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Nash: A patient, the coronavirus, our shared aftermath

Nash: A patient, the coronavirus, our shared aftermath

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By Stephen Nash

Nash is a visiting senior research scholar at the University of Richmond. He is the author of “Virginia Climate Fever,” published by the Univrsity of Virginia Press.

One of my doctors passed an anguished milestone this week: his first positive test for coronavirus came in. Of course, he told me, his first thoughts were for the distressed patient as they talked things through. But not long after came this forceful thought: the pandemic need not have happened. Roanoke County’s first case has also been reported.

Time and leadership matter: a doctor in Wuhan, China, the late Li Wenliang, warned of the outbreak on Dec. 30 but his posts were censored and he was arrested and threatened by his government. He died from the virus weeks later. The world lost precious time to contain the outbreak. We in America learned of it around Jan. 9, but President Trump and his choir downplayed the virus and compared it to the common flu. We lost critical time that could have been used to prepare. The president’s fateful misinformation campaign about the virus continues on now, with each press conference.

My doctor’s patient is a female in her 70s who had been traveling until a few days ago. She’s fit and otherwise healthy and her prospects for recovery are fairly good. Luckily, he was able to test her. This week a hundred of Virginia’s frontline health care providers signed a letter to Gov. Northam appealing for basic personal protective equipment: masks, disposable gowns, gloves and hand sanitizer — and, of course, those coronavirus test kits. “It’s now clear that without your intervention they will not be here in time, if ever,” the letter states. “We know the federal government has failed, but we need state and regional leaders like you to be part of the solution.”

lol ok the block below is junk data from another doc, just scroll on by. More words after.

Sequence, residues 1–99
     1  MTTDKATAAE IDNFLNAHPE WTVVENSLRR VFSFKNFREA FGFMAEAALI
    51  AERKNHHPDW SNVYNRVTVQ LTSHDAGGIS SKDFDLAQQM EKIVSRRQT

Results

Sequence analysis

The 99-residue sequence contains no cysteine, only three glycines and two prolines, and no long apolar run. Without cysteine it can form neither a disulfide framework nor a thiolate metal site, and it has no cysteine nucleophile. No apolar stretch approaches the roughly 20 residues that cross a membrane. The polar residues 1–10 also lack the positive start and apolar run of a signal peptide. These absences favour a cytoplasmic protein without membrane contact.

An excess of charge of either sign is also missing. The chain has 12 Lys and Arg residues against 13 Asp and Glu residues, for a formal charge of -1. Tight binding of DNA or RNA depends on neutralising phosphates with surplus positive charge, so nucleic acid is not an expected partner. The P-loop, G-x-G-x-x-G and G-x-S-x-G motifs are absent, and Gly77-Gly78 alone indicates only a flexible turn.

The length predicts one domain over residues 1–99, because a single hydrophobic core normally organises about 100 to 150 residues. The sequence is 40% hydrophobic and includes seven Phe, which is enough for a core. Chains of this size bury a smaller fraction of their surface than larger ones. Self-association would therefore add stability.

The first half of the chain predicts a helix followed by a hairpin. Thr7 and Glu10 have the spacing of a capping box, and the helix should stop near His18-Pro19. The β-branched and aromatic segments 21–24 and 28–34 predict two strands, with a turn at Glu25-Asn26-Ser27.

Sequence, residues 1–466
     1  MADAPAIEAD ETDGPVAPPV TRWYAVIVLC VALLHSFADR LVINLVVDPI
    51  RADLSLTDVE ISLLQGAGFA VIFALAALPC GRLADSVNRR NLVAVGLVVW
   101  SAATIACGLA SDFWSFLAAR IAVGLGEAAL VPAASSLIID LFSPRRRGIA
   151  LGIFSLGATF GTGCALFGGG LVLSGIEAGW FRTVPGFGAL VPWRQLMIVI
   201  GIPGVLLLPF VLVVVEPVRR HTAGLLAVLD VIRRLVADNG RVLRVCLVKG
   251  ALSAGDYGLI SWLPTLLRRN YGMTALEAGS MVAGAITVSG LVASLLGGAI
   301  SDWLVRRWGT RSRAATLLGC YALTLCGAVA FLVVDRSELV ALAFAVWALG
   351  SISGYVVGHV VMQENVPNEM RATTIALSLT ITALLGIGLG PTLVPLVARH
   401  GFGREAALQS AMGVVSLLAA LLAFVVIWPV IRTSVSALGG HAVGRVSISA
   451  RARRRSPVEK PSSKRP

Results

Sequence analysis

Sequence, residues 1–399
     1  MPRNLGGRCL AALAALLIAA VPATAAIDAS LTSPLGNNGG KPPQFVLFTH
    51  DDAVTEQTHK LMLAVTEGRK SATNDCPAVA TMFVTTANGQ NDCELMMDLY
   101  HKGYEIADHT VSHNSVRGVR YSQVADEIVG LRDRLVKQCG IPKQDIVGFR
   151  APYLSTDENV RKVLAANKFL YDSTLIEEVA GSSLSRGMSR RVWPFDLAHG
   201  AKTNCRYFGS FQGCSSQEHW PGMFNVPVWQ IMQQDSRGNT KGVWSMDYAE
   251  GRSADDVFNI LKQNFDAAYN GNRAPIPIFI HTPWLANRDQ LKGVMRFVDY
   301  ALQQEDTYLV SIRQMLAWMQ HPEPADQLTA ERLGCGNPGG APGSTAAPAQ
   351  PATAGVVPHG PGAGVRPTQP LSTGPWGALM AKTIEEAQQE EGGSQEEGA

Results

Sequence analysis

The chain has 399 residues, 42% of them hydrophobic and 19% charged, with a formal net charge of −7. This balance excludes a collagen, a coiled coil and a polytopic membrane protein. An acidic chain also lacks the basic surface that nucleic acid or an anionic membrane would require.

And a short ways farther down that patient’s path, there’s a fork. If her symptoms worsen, she’ll need hospital care. But our hospitals are already stretching to meet demand, well before this viral siege has peaked. In large measure, that also could have been avoided.

The coronavirus, as you’ve probably read, attacks small air sacs in the lungs called alveoli. Patients whose infections progress to hospital care will often need a piece of respiratory equipment called a ventilator, to help them breathe. Other states are desperately short of both ventilators and hospital beds as the pandemic looms, and Virginia health officials have not been able to be clear about availability here. America’s top leaders have had years of warnings of our lack of preparedness for a pandemic; we’ve seen decades of cutbacks in our public health infrastructure; much of our social safety net is made of cobwebs.

Though your vote for sane leadership is a deadly serious matter, this is not a partisan issue. There is no Republican or Democratic coronavirus. In this interconnected world, the issue is what kind of health care and safety measures we Americans owe each other, and whether we intend to follow our best science or someone’s political agenda instead, when trouble is on the horizon.

Please observe the disciplines of distance and hand soap, and stay safe. This will not be the last viral scourge, nor the last science-based call for action on other global crises. Let’s make sure, when we’ve mobilized and survived this one, that we’ve learned its tragic lessons well.

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